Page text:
Bream (Carp Bream / Common Bream) - Abramis brama

About the Bream.
The common bream belongs to the Cyprinidae carp family and is found in many European freshwater rivers and lakes. It can grow to a fairly large size and tends to move around in large shoals with hundreds of other bream of a similar size and age. Anglers love to hook a bream, as there are often many more to be caught after the first one is snared.

Bream Identification

The bream (carp bream) is very easy to distinguish from other UK course fish due to its extremely deep, thin and flat body and its high back.

An adult bream has a dark coloured back with a greenish - brown hue, bronze flanks and a cream coloured belly.

Young bream also have deep bodies yet are much more slender. They are silver in colour, sometimes verging on white. They are nicknamed "skimmers", as once hooked and pulled in, they literally skim over the water and fly straight into the net.

The bream has a small, scaleless head with tiny eyes but a large, underslung mouth that protrudes out and almost forms a thin tube with which they are able to suck up food.

It has long dorsal, anal and tail fins that are dark grey in colour and tinged with red. The anal fin is slightly concave.

Another distinguishing feature of the common bream is that it produces a thick and pungent-smelling slime all over its body that is better being washed off as quickly as possible when netted.

Bream Habitat

Bream is a very prolific species and is found in practically all waters in the UK and Europe. However, they are more common to England, South Wales and Northern and Central Ireland and are only found in small areas of southern Scotland.

Bream prefer deep still waters such as canals, lowland lakes and reservoirs but may also be found in the lower reaches of slow-flowing rivers or in the slower areas of weirpools.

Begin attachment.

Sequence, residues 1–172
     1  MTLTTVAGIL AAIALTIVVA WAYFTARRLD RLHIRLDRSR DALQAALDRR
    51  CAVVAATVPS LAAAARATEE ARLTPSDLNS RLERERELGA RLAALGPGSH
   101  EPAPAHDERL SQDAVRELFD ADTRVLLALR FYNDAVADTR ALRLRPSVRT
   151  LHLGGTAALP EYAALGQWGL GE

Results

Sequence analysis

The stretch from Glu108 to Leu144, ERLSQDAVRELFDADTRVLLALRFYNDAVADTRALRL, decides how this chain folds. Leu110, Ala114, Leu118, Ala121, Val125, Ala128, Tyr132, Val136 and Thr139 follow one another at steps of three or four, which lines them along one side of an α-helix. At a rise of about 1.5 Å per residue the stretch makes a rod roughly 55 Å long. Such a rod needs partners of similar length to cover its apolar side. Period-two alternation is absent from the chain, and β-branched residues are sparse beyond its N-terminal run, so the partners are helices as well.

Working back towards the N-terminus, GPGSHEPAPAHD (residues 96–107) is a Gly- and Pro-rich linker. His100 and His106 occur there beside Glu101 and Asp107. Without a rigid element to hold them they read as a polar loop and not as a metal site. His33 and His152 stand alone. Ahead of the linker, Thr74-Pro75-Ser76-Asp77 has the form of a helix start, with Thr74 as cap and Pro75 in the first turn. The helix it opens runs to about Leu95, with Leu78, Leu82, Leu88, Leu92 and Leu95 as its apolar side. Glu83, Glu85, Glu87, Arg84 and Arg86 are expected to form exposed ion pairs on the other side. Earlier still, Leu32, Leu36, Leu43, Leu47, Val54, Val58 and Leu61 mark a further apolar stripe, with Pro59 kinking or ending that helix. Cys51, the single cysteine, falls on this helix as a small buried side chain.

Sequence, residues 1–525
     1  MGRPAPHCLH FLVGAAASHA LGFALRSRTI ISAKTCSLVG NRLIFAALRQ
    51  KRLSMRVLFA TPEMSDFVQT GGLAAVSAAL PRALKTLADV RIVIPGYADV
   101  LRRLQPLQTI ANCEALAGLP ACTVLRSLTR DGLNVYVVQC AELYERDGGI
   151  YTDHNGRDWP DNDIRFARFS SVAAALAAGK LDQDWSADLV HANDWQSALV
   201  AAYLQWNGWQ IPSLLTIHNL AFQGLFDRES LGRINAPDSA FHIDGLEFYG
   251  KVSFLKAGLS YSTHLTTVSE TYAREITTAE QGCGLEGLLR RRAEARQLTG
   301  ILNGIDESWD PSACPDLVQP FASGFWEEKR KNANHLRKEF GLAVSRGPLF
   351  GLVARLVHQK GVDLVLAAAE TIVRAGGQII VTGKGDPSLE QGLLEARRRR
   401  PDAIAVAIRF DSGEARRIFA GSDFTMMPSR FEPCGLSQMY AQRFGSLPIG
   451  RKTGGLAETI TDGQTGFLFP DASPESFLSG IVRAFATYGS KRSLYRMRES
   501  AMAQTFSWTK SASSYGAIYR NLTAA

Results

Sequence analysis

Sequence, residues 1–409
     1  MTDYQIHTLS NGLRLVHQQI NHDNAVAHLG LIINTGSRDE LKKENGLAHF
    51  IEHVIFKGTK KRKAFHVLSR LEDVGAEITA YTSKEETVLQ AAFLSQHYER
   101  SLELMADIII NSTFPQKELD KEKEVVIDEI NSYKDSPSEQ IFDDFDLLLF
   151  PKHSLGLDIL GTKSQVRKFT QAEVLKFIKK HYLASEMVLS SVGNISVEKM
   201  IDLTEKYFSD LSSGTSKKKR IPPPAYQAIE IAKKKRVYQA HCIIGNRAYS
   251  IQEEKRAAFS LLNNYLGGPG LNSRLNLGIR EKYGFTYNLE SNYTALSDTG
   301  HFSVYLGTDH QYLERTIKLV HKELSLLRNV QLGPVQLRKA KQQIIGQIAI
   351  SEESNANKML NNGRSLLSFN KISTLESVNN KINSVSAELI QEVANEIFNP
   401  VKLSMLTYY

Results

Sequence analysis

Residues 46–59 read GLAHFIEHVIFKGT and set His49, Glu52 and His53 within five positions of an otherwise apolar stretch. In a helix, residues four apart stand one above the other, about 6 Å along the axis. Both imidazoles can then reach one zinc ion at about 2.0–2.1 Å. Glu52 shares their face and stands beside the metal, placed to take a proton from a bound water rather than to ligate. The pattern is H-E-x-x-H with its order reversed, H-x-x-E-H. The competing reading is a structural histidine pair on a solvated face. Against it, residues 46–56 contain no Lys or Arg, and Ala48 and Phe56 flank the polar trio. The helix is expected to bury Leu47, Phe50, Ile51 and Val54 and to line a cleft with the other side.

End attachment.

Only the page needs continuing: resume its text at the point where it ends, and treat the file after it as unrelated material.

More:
Due to the shape of their bodies, bream can often be found feeding in shallow waters with an abundance of reeds and weeds, through which they are easily able to navigate.

Bream may also be found resting in the slower regions of fast-flowing rivers, hiding out under tree roots and plants, near undercut banks or in deep pools.

Natural Bream Food

The bream is principally a bottom-feeding fish that eats large quantities of almost any kind of small aquatic food found on the bottom of the water bed.

Its favoured fare consists of worms, aquatic insects and larvae, fish eggs, leaches and small molluscs and crustaceans.

Young bream feed on plankton and algae and then move on to tiny insects as they grow bigger.

These fish take their food in through their protruding mouths which point downwards whilst their bodies float almost vertically upwards, as they hoover up their chosen meal content.

Bream feed slowly and will often stay in one place until all food sources are exhausted before moving on to their next food-rich feeding location.

Bream Reproduction

Bream carry out their reproduction procedure between the months of May and July and predominantly at night.

They gather in large groups and move to shallow waters with plenty of weeds and dense plant growth.

Just prior to the spawning process, the male bream acquire white tubercles on their head and shoulder area and their body turns hard. They rub up against the female bream with their tubercles in a bid to stimulate them to release their pale yellow eggs, which are released over dense water vegetation and plants.

The eggs are fertilised and then take around a week to hatch.

Bream Hybrids

With this species, as with many others including chub, spawning takes place at the same time and in the same location. For this reason, the males often confuse the eggs when it comes to fertilisation and fertilise other fish's eggs, resulting in a cross breed of the two species. With bream, this is common with the roach and rudd.

Silver Bream

Young bream are sometimes confused with the silver bream, which is a totally different species. The silver bream has bigger eyes and does not have a protruding mouth.

The Bream's Vital Statistics

  • Average weight: 3lb - 4lb (1.4kg - 1.8kg)
  • Average length: between 30cm and 50cm
  • Specimen weight: anything over 6lb
  • Life-span: 15 - 20 years
  • Current UK record: 22lbs - 11 ounces (Fen Drayton Lakes, Cambridgeshire)

Rivers with big bream include:


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